personal conveyance thread

Discussion in 'Trucking Industry Regulations' started by mickeyrat, Mar 31, 2012.

  1. Cowpie1

    Cowpie1 Road Train Member

    Nov 25, 2008
    Kellogg, IA
    That is not quite true. If you are being dispatched to some location to get a trailer and go to work, then yes you would be in a driving situation requiring logging.

    However, if you left a trailer at some location, and then bobtailed to the house, took a break (10, 34, whatever), then headed back to the location you left the trailer, the all of that time is considered personal conveyance. So while you would be driving in a direction to go back to work, you are returning to the location for which you went off duty last. No foul.

    Like was stated, the condition is "unladen", not "untrailered". The trailer is not considered cargo for the purposes of being laden.

    It is true, that company policy, if stricter, trumps FMCSA regulations. And, of course, logging driving every time the truck is moving is not discouraged or required by the FMCSA. And if you hardly ever use much driving unladen and have ample hours available anyway, then it is really a non issue. But if hours available are an issue, and you meet the requirements, then it is sensible to use the personal conveyance option when you can. It is just that, an available option. It has to be used wisely and in accordance with the conditions for its use. No difference than using the OPTION of a 34 hr reset, OPTION of splitting the 10 hr break into 8 and 2, or any other options that are available.
    Last edited: May 20, 2012
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  3. Autocar

    Autocar Road Train Member

    Apr 28, 2012
    The Hot Rod Shop Oxford, AL
    Absolutely correct!
  4. Daniel.trawick

    Daniel.trawick Road Train Member

    Nov 28, 2011
    Fort collins,co
    Ok I got a question. You are at a shipper/ consignee. You run out of hours loading/unloading. You are not allowed to stay their and are forced to move. How do you log it? Personnel conveyance ( off duty driving ) to nearest safe haven or on duty driving with note ( force to move) to nearest safe haven? Might be a dumb question but I just want to know what is more legal to do.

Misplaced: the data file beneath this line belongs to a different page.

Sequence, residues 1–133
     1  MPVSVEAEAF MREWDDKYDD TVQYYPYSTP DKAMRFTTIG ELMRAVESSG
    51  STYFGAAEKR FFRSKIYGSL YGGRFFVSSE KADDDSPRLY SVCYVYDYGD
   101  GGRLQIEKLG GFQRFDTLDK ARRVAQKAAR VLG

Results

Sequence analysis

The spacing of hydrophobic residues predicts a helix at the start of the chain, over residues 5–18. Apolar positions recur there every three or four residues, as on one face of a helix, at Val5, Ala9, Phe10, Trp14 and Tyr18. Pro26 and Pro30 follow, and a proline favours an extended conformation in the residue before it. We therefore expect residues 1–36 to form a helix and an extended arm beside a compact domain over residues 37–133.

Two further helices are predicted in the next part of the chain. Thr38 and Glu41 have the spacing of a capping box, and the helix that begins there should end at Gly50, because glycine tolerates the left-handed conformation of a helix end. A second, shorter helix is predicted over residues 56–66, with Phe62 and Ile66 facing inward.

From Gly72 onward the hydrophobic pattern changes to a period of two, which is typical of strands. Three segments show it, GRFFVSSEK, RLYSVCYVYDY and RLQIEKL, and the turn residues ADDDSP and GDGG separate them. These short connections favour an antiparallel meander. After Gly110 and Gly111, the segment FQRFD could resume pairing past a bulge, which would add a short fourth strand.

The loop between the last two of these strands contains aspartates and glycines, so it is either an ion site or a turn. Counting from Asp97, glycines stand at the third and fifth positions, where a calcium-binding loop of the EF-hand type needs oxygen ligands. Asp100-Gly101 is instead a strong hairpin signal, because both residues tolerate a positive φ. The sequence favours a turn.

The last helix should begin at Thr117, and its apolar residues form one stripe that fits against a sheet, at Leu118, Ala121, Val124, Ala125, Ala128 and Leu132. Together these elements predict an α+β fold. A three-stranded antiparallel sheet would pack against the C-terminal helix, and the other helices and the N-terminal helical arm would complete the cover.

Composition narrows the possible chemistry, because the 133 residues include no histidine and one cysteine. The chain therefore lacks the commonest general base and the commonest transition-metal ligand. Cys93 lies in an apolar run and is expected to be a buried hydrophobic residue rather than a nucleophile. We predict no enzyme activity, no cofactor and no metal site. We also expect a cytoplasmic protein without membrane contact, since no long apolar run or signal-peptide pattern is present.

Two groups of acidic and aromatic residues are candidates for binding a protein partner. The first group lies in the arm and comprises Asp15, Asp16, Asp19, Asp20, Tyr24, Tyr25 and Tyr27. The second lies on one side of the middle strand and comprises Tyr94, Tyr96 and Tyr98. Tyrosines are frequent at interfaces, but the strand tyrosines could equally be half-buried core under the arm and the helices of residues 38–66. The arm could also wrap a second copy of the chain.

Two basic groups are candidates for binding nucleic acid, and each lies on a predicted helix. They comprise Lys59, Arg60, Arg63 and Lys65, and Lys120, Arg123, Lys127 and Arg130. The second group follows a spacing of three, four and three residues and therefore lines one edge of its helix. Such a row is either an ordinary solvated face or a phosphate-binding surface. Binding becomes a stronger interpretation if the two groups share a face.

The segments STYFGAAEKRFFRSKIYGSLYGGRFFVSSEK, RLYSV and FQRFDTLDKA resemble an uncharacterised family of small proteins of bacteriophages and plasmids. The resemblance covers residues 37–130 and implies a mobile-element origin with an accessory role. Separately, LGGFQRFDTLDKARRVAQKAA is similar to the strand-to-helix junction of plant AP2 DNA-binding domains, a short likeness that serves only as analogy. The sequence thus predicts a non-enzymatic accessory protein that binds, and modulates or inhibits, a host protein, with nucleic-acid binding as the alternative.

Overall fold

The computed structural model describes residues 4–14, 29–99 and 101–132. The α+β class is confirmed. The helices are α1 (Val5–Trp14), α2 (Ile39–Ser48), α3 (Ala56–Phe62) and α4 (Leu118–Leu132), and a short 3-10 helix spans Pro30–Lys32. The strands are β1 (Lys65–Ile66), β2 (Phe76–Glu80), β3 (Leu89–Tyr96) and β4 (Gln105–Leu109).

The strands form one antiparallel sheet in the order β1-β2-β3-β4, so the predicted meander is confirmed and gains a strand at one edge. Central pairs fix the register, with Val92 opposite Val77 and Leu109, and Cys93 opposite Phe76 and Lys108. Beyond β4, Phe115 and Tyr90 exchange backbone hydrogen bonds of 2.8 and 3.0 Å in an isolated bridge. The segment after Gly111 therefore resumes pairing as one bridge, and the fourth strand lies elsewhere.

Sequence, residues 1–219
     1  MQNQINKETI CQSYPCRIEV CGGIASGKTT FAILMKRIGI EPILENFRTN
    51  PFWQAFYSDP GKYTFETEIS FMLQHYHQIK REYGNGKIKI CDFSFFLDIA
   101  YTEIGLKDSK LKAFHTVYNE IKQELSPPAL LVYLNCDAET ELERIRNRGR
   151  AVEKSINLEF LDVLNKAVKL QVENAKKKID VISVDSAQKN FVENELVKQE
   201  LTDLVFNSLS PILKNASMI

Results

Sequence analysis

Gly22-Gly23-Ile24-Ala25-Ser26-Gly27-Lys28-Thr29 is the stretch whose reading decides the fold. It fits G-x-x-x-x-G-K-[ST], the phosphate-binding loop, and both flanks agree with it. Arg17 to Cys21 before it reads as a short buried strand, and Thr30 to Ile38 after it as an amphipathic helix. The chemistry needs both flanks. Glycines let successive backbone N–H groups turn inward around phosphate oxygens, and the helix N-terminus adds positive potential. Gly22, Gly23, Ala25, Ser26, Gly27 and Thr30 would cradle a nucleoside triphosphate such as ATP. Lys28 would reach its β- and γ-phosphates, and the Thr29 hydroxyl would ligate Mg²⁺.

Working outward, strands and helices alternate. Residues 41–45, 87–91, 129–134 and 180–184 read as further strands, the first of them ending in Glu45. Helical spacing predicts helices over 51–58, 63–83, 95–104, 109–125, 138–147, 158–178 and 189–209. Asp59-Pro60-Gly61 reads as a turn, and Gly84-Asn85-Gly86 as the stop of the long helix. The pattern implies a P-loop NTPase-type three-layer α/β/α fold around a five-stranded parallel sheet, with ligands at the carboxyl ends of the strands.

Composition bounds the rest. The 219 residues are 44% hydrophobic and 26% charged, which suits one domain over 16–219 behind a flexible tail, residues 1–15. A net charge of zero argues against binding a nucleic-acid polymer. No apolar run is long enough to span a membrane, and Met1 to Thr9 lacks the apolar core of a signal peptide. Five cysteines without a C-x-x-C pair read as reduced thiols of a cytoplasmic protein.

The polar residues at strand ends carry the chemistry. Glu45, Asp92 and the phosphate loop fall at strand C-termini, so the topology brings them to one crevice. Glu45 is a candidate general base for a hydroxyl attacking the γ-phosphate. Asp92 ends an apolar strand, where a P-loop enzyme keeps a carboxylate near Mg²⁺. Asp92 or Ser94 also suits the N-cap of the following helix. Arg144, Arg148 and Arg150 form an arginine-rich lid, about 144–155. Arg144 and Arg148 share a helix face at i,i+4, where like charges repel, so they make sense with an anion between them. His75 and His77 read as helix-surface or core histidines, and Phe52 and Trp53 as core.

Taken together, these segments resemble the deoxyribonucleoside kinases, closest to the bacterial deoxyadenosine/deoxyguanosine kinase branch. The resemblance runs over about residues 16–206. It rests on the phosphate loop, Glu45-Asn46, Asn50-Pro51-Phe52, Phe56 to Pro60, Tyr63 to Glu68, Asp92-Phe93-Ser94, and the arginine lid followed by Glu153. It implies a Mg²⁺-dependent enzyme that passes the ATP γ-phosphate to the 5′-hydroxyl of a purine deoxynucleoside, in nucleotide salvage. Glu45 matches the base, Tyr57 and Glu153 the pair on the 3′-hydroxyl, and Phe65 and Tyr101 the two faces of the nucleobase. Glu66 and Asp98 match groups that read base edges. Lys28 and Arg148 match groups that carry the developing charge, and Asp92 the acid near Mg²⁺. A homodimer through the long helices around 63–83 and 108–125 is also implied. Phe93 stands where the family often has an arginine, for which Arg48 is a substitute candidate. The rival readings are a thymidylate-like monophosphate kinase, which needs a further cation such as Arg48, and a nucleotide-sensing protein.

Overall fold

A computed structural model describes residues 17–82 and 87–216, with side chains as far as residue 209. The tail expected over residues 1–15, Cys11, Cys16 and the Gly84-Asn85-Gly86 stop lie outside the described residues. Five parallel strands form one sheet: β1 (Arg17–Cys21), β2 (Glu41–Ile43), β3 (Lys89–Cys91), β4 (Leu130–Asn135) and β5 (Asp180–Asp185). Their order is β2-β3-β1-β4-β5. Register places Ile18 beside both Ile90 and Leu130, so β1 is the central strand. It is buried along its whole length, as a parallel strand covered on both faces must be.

5. RickG

    RickG Road Train Member

    Jul 22, 2008
    Owensboro , KY
    There is no line for off duty , driving . If you are unloaded you are unladen and can use personal conveyance (unless you have a tank with residue ) .
    If you are loaded you are on duty even if you are out of hours .
  6. Wooly Rhino

    Wooly Rhino Road Train Member

    Jul 6, 2008
    Liberty, Missouri
    I drive a 1972 Gran Torino Sport. I do not log any of the time. :biggrin_25519:
  7. Autocar

    Autocar Road Train Member

    Apr 28, 2012
    The Hot Rod Shop Oxford, AL
    I like late 60s, early 70s Fords. They make my 71 El Camino look good!
    LaBubba Thanks this.
  8. Scalemaster

    Scalemaster Heavy Load Member

    Mar 13, 2011
    The "personal conveyance clause" - 395.8 interpretations question 26 - gives only 2 cases where driving an unladen CMV can be called off-duty:
    1 - commuting to and from home from the "normal work reporting location" - i.e. terminal
    2 - "traveling short distances from a driver’s en route lodgings (such as en route terminals or motels) to restaurants in the vicinity of such lodgings"

    The phrase "Safe havens" is not mentioned. That term has to do with route controlled HM.

    In your given scenario it would be driving time, line 3.
    turnanburn, LaBubba, CAXPT and 2 others Thank this.
  9. turnanburn

    turnanburn Medium Load Member

    Jan 25, 2011
    central Vermont
    Well that certainly tightens up the situations where PC can be used.
  10. Autocar

    Autocar Road Train Member

    Apr 28, 2012
    The Hot Rod Shop Oxford, AL
    As FMCSA does not define "Short Distances", what standard do you and your agency apply?
  11. Meltom

    Meltom Road Train Member

    Jan 24, 2011
    In my agency, we use 50 miles. However there are exceptions.
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